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Old 04-23-03, 02:17 PM   #1
radioflier
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component questions

I've been looking at cross/hybrid/comfort bikes in the $400 - 450 range, and I've noticed most have about the same level of components (low-mid level Shimano). If I go up to the $550 price point, the components are typically a couple of levels higher.

I'm going to be riding 10 miles/day (every day weather permitting) as part of my exercise/fitness routine. One side of my brain says go with the cheaper bike now and upgrade the components if/when they need replacing. The other side of my brain says just go for the better components now and be done with it.

What's the best way to sort this out? Will I be able to tell the difference between the components, given my level of riding?

Ron
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Old 04-23-03, 02:27 PM   #2
Bean Counter
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It's easy to say buy the better bike when it's your money, but just like tools, always buy the best that you can afford. You'll never be disappointed buying quality.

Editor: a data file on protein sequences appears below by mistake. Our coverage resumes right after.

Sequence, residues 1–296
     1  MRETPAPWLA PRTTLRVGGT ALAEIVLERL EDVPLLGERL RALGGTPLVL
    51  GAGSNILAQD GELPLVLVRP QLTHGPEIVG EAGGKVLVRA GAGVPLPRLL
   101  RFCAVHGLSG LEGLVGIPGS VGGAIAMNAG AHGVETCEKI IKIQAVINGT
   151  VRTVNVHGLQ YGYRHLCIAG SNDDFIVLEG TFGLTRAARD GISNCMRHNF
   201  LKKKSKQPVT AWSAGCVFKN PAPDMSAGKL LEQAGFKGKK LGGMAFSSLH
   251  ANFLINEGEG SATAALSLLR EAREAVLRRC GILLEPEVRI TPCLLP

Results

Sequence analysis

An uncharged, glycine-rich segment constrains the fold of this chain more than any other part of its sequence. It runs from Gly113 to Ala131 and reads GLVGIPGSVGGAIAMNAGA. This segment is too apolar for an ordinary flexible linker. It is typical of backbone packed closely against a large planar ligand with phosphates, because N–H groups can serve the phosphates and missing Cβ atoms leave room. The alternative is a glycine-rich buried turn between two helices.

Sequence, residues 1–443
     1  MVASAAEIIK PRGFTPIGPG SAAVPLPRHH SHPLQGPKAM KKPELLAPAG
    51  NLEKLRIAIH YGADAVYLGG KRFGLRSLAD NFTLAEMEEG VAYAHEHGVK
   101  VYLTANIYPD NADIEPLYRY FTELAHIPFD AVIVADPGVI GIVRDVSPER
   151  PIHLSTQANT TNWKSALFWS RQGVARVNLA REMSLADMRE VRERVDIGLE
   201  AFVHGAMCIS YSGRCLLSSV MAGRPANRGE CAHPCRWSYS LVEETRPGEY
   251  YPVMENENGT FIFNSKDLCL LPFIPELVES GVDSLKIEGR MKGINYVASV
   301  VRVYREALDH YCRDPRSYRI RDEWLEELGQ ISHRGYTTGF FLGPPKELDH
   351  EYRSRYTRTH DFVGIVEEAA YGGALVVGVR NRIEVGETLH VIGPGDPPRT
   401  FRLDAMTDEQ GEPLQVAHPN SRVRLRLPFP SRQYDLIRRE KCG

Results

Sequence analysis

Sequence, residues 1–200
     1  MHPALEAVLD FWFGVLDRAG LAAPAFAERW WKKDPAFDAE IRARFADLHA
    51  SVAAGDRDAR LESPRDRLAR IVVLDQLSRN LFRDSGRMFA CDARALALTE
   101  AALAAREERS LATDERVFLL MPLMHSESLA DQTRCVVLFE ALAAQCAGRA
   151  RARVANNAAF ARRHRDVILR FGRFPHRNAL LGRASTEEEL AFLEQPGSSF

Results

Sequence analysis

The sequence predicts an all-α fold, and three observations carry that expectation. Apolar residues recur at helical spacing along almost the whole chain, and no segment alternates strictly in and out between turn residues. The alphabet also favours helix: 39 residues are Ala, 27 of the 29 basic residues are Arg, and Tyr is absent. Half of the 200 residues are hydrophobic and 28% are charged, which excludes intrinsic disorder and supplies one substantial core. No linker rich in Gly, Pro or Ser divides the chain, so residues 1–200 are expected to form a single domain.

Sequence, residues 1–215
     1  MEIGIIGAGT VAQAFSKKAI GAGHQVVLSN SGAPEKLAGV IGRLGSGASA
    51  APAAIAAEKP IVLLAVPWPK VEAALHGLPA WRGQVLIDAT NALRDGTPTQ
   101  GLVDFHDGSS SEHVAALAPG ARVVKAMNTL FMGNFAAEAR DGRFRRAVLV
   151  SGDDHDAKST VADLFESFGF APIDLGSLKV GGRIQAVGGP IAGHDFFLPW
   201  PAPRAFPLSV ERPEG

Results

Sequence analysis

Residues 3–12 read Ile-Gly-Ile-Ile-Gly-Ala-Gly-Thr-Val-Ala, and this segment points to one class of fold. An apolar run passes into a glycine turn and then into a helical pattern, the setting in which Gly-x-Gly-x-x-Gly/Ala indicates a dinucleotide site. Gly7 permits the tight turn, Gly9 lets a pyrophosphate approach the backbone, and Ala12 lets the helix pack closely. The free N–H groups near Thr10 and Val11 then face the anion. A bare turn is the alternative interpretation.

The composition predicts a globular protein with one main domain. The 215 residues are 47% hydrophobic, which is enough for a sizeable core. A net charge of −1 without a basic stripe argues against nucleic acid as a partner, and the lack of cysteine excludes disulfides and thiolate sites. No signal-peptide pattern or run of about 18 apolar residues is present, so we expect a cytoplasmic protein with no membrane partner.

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Old 04-24-03, 07:19 AM   #3
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I use a mixture of mid and low-end Shimano components on my everyday bike, and Im currently riding 20miles/day. My hubs are Altus (but handbuilt), the rear mech and brakes are 105, and the BB is UN72 (Ultegra type high quality).

Ive used the lower end components such as derailleurs and reckon on 2 years regular use before junking it. In my experience, the lowish end Shimano stuff is very good, it works well and is quite reliable till it wears out
Their midrange components (LX, 105) are probably the best value, and are capable of hard riding, extended touring, racing at a very good price. If you can afford these, then get them.
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Old 04-24-03, 10:47 AM   #4
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buy cheap...then when you JUST GOTTA HAVE a new high end road bike, it won't bother you so much to hang the hybred in the garage.

I thing everyone that has started riding and continued has done this, and many LBS make there money off of selling hybred > then road.
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Old 04-25-03, 07:01 AM   #5
DanFromDetroit
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I bought one of these a few months back. I love it. It's cheap, simple, and a good quality aluminum bike with a 7-speed Shimano hub.

They will ship to either your home or your LBS.

I added fenders, rack, and a kickstand. This runs the cost up just a bit beyond
where you are looking but not much.

Dan
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Old 04-25-03, 09:04 AM   #6
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wow, cool bike dan! This is almost exactly the kind of bike i wanted to build recently... What do you think of the Nexus hub? Does it shift well? How well do the gear ratios work for you? Does the coaster brake work well? How much does the bike weigh? Sorry for all the questions, but it seems you have a unique bike!